Before electronic games and cable TV, we played make-believe, with or without actual toys.  I climbed trees and played Pocahontas. I made bows and arrows out of tree branches from our Christmas tree whittled with mom’s kitchen knives.  By Christmas Day our tree looked like Charlie Brown’s and the knives couldn’t cut butter; but sacrifices have to be made for creativity, right?

Most of my real toys were hand me downs anyway.  I can only recall one toy that I got new, a knock-off Barbie.

She was  4’2” in Barbie height and had a pull string voice box that was supposed to sound cheery: “Come over to my house and play.”  Unfortunately, it was broken from day one and sounded like a demon whose message was clearly: “come over so I can kill you.”

I didn’t have any Barbie clothes either.  I think she came in an outfit, but it got lost, so she was naked most of the time.  I tried to make a sarong out of Kleenex with limited success.  I also made a maxi pad bed with a tampon for the pillow.  Pretty resourceful for a kid who didn’t even know what that stuff was!

I inherited a lot of my ingenuity from my older siblings.  When my oldest brother realized he was the leader of a gang, (there were six kids which under loitering laws constitutes a gang), he would devise elaborate missions for us to undertake in our war games.  Sometimes it was fun, like the time we dug a “foxhole” in Grandmother’s back yard, which caved in on us when it started raining.

Other times it was NOT fun, like playing Army with him as  the General while the rest of us were Privates that had to scrub the floor with our toothbrushes.  No wonder I had cavities!

My mom will vouch for the most insane stunt.  One night our parents left us home with our housekeeper (the brief time we had one growing up). What most likely started as a food fight, became a full on floor party ,when we poured an entire pot of spaghetti sauce on the tile floor and went sliding in it!  Our housekeeper, who was a saint, cleaned up everything and by some miracle convinced our dad not to punish us for the incident.  Maybe he took pity on us because he knew what I’m now realizing:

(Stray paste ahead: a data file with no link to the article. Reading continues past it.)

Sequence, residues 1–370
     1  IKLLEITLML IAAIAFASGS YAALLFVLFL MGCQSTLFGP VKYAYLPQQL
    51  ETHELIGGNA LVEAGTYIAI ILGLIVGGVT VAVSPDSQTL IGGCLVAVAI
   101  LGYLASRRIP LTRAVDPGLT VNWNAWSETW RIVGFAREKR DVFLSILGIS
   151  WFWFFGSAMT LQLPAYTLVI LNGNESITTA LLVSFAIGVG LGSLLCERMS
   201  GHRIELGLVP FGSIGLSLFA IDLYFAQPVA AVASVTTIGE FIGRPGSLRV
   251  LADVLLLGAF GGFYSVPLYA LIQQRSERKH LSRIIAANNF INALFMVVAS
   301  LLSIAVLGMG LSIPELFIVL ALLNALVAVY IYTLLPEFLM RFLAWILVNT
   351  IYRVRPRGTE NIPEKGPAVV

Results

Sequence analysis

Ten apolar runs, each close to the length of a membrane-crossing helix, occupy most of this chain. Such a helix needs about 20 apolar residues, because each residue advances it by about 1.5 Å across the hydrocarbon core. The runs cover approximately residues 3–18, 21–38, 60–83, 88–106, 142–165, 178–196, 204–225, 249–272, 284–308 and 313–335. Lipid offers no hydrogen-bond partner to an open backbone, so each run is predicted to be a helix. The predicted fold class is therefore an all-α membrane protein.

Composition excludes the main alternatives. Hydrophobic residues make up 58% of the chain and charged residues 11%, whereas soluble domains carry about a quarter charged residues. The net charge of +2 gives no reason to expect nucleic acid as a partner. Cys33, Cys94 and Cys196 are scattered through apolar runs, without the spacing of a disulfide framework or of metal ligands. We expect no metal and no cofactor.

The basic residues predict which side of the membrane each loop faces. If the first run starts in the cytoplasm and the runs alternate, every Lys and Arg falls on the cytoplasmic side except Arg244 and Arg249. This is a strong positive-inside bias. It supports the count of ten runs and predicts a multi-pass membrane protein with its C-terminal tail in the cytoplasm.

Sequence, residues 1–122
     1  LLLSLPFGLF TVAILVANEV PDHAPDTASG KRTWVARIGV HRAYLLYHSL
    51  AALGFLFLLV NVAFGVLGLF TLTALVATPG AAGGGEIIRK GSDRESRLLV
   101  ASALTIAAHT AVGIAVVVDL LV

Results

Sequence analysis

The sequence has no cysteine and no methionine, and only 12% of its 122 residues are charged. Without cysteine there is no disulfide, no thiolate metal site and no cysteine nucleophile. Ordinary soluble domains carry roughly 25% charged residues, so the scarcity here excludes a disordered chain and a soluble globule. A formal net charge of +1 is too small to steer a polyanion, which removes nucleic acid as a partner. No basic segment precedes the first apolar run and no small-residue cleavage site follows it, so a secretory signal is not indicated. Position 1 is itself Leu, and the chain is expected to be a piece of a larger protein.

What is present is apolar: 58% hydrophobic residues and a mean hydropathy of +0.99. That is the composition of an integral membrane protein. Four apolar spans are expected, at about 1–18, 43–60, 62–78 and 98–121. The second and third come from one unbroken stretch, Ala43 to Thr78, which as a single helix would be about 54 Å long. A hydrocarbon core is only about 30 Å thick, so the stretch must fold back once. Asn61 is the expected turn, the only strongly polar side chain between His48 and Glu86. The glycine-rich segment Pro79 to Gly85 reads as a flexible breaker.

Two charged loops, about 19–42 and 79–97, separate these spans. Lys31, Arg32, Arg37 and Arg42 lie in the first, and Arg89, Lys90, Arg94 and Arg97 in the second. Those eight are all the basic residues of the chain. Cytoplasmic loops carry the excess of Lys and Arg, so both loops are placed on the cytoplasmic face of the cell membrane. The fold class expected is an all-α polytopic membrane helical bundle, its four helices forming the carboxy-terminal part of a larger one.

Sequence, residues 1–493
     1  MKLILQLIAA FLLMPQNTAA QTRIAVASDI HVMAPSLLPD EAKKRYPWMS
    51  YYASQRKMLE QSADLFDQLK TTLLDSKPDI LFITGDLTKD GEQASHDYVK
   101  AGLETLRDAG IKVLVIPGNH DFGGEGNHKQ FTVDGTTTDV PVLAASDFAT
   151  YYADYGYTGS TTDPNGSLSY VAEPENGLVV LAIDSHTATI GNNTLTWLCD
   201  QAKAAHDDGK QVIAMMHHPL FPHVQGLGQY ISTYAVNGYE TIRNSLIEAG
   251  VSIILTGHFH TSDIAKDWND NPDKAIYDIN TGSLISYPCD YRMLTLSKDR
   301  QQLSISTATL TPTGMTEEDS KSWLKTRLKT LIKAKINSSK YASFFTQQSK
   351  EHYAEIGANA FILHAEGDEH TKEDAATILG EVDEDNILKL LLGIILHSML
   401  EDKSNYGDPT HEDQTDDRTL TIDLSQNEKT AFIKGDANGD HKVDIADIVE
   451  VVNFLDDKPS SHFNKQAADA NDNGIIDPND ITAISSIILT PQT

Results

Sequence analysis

While genius and insanity are separated by a fine line, creativity and insanity share a smudged line.

That Fatal Step Beyond Brilliance

A man using a blow torch to melt ice of his windshield.
Apparently the high UV protection rating of the windshield did not equate to fire retardance. (That fatal step beyond brilliant.)

I’m always trying to learn more about my craft.  Which is writing, in case you were wondering.  I tried knitting once but it was too hard to turn one long string of knitted yard into something useful.  But I digress.

The Austin Screenwriting Conference is one of the places I have gone for many years to learn about screenwriting and most recently playwriting.  It’s cool because there are literally hundreds of people you can talk with about writing, unlike at the grocery store where people are more interested in talking laundry detergents or shocking alien baby headlines.

While waiting in line to go into a session last October, I was talking with some fellow writers about a title for a script idea I had.

“The premise is: A woman fears her mailman could be the sperm donor of her young son.”  I explained.

“What about Heir Mail, spelled H-E-I-R?” someone suggested.

“Oh, I like that.” I said.

“I know, Postage Due.  No, Male Man.  That’s no good. I’ve got it, Going Postal. ” a woman drinking an energy drink fired off.

“I was originally thinking Special Delivery, but I think I like Heir Mail best” I said.

“Those are terrible names.” Scoffed a rather grungy looking guy of indeterminate age.  “What’s in now is sounds.”

“Sounds?” I asked wondering if he was on something.

“Titles go through cycles. It used to be the end of things, like “The Final Chapter” or “The Last Jedi.” He explained.

“Oh, I see. So, you’re saying… what are you saying?” I asked still confused.

“Sounds, man.  Like crunchy, or clank, or SNAP!” he yelled, causing us to jump back.

“I’m not sure I -” I began, wondering if this was another of Austin’s homeless teasing us for his own amusement ,or if it was Terry Rossio, who was leading the session we were going into.

“Alright, I’m just going to give this one to you. No fiduciary.” He said as he moved in to whisper in my terrified ear.